There would be plenty of parking and a fantastic view of the river and of Sims Park. There could be benches along the river where people could have their lunch, relax and then resume their meetings in the state of the art library. Wow!
Justin Billings, New Port Richey
Development destroys county
The 12-mile trip from Zephyrhills to Interstate 75 via State Road 54 used to take about 20 minutes at most; now it takes twice as long. Add in the snowbird factor during half the year and you have a never-ending traffic jam.
Two of the major routes to and from Zephyrhills are Morris Bridge Road and SR 54, once peaceful drives through beautiful scenery. Now both are becoming clogged with pretentious entries leading to housing projects full of tacky looking cookie cutter houses.
In addition to woefully inadequate roads, the schools are overcrowded and understaffed and most other public services are way behind the rate of population increases.
Every day we are bombarded with news of the ever-decreasing supply of water. Where will the water come from to support the enormous and ever-increasing population?
Shouldn't we be weighing the economic benefits of an increased population against the fact that the county continues to become a less desirable place to live? The charm and beauty of Pasco are being replaced by concrete and asphalt.
It seems to me that whenever the County Commission considers yet another housing project or commercial venture, the members see nothing but an increase in the tax base. It's time they started thinking of the long-term consequences to the environment and the already overtaxed infrastructure. Until the commission learns to say no to the grab-the-money-and-run developers, the destruction of Pasco County will go on unabated.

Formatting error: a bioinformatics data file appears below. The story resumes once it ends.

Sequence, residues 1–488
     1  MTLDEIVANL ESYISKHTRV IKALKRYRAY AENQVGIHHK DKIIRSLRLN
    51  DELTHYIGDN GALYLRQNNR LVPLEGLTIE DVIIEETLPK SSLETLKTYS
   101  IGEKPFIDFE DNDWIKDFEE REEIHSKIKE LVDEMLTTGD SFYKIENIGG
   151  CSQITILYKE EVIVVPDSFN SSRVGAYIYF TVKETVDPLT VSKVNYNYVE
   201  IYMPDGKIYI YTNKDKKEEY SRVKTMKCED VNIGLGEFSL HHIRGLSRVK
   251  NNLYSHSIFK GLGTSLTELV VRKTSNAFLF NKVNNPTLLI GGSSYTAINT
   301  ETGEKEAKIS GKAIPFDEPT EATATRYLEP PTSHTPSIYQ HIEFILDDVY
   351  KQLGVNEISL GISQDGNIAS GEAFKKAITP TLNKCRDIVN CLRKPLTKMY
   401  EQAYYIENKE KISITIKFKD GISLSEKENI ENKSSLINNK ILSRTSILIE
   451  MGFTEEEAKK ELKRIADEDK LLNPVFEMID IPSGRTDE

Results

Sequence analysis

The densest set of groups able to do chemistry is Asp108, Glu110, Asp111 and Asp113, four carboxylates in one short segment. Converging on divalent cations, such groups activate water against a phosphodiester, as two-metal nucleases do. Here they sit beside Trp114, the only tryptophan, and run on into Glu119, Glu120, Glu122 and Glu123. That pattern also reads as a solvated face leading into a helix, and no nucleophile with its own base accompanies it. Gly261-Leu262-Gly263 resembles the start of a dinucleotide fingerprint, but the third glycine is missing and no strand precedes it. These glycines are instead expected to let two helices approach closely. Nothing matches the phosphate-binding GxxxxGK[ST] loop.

Gerald Barnes, Zephyrhills
War injury hampered salute
During the Chasco Fiesta boat parade, I appreciated the many salutes and salutations that I received from the spectators. In World War II, I had my right shoulder destroyed by shrapnel from a kamikaze plane, and my right arm had to be fused to my shoulder blade. This resulted in my right arm being 4 inches shorter than my left arm, allowing only limited mobility in the right. Consequently, I am unable to return a proper salute.
Accept my sincere apologies for not properly returning your many salutes and salutations, it was not intended as a slight.
Walter J. Mallett Sr., Port Richey
Candidate thanks supporters
I wanted to say thank you to all the people who helped and supported me during my first campaign.
This has been an amazing learning experience and my campaign manager Larry Disparti has helped me the whole way. It means a lot to have support from people who believe in the young leaders.
This election has been a wonderful opportunity for me to get acquainted with the great people in New Port Richey and to show them that young people do care.
I still hope to serve this fantastic city one day and represent the people who call New Port Richey home. New Port Richey is such a great place and I look forward to one day helping to make it even better.
Samantha Beckman, New Port Richey